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Seed Weight in Relation to Environmental Conditions in California

Baker, Herbert G.
Ecology 1972 v.53 no.6 pp. 997-1010
Ranunculus, altitude, dispersibility, drought, flora, growing season, habitats, herbaceous plants, herbs, humans, indigenous species, mesic conditions, mountains, nutrition, perennials, plant communities, reproductive performance, risk, root growth, root systems, roots, seedlings, seeds, shade, shoots, shrubs, trees, water stress, weeds, California, England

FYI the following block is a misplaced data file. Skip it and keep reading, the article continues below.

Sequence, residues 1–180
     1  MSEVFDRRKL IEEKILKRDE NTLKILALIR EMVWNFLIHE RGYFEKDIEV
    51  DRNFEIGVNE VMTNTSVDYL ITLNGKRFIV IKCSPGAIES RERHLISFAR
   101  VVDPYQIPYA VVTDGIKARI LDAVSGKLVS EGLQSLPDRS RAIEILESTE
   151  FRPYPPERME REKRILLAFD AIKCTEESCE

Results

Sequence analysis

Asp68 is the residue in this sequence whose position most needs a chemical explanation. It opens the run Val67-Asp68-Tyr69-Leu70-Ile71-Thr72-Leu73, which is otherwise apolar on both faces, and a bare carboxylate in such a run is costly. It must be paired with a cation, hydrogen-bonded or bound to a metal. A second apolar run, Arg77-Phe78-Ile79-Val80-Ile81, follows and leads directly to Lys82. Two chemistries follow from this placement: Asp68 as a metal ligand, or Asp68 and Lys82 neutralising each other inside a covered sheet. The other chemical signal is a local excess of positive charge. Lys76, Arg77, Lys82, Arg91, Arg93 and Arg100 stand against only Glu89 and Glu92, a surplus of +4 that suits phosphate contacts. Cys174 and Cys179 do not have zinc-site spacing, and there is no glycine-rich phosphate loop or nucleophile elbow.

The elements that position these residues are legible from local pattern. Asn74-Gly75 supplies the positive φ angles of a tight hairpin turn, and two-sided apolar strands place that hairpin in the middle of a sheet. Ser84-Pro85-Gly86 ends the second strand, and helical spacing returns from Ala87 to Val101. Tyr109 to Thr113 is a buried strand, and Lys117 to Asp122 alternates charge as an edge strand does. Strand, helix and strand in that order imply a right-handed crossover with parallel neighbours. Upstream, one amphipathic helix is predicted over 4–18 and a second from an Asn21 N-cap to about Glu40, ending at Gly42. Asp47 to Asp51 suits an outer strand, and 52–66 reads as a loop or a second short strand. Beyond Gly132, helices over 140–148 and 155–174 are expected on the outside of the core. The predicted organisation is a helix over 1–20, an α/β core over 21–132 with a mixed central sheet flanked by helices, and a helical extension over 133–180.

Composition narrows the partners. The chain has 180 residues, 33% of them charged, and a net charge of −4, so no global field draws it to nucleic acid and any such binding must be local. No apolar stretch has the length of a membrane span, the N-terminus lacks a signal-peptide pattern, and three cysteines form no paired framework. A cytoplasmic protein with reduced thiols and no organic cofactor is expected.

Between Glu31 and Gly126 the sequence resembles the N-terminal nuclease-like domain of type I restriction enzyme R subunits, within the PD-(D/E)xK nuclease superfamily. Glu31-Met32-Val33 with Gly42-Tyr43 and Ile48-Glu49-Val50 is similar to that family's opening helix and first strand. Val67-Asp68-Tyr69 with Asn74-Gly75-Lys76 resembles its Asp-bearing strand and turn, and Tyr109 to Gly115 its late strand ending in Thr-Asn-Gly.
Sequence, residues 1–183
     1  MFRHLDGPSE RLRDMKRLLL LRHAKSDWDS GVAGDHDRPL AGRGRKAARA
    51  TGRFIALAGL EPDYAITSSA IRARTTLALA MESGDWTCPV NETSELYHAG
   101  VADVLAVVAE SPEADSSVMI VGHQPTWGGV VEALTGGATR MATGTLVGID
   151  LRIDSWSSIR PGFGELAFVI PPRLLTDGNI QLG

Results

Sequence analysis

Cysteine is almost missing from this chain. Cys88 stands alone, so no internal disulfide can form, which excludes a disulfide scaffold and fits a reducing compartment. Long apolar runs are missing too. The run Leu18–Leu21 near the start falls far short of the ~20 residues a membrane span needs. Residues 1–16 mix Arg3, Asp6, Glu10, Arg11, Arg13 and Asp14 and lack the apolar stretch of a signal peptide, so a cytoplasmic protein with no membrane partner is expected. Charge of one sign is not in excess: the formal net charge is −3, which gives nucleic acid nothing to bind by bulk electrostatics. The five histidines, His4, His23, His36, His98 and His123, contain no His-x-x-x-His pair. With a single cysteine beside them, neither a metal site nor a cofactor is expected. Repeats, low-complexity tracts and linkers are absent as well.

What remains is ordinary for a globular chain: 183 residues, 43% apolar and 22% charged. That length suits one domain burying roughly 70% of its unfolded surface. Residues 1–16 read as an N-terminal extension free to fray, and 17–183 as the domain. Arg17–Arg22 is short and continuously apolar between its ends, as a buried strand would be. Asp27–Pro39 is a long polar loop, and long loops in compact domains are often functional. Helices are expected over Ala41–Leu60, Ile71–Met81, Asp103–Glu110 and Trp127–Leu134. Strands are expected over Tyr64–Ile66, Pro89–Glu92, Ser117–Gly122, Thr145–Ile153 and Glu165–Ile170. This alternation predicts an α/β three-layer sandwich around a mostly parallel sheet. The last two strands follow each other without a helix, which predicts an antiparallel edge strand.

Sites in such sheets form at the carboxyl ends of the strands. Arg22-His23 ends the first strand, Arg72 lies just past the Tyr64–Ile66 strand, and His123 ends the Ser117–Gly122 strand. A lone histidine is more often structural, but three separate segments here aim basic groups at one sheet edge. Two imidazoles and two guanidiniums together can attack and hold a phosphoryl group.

Analyses of the California flora involving nearly 2,500 taxa are presented which show that there are correlations between the weights of individual seeds and environmental conditions in which their producers normally grow. These differences in seed weight appear to be adaptive and result from compromises between increased nutrition of the seedling which would result from larger food reserves in heavier seeds and increased dispersibility and increased reproductive output which are provided when smaller seeds are produced in larger numbers. Literature and experiments show a general positive correlation between seed weights and rates of shoot and root growth, at least within species. Herbs (annual and perennial), shrubs and trees are necessarily treated separately in the calculations in this paper (for seed weights increase progressively in a series from annual herb to tree when to California flora or any particular community type within it are considered). Raw seed weights are reduced to a series of classes (on a logarithmic basis) before means for floras or community types are calculated. Generalizations arrived at from considerations of "native" species in "natural" plant communities are confirmed by their applicability to "introduced" species now forming various kinds of "weed" communities in California. Finally, species lists from actual stand analyses, including both "native" and "introduced" species, are utilized to provide the data for more precise analyses. For herbaceous plants, seed weights are higher, on the average, for taxa whose seedlings are exposed to the risk of drought soon after establishment (giving faster root—development). Such a relationship can be demonstrated for species of a single genus or, on a combination basis, for community types as a whole and can be put on a quantitative basis by subjectively ordinating community types (in relation to the likelihood of drought stress hitting the seedlings) and making rank correlations with mean seed weight for each community type. The relation holds even for desert communities (where large—seeded perennials produce large root—systems but small—seeded ephemerals complete at least their seedling development in temporarily mesic conditions). In coastal communities, the importance of wind—dispersal of the seeds of species whose seedlings become established in rock crevices outweighs any droughtiness of the habitat in favoring smaller seeds than typify the community types generally. Correlations of herb seed—weight with likelihood of seedlings becoming established in shade or in conditions of severe competition are less marked for California than Salisbury found them to be in England. For shrubs, shading and competitive stress appear to be more influential factors in promoting increased mean seed weight but for trees moisture availability again appears to be most important. Another kind of correlation is established; between mean seed weight and altitude at which the plants occur. With decreasing length of the growing season as Californian mountains are ascended the mean seed weight (whether measured on a subspecies, species or community type basis) also decreases. This appears to represent the selection of a strategy in which a reduction in the availability of photosynthate is reflected in smaller seeds rather than in reduced output as found in Ranunculus by Johnson and Cook. Although taxa introduced to California have fitted with the rules holding for native plants, they tend to have slightly heavier seeds than native species growing in climatically similar habitat types. This difference may be particularly related to human influence in making such habitats somewhat more xeric. Improved methods of analysis are suggested and further correlations which might be sought are discussed.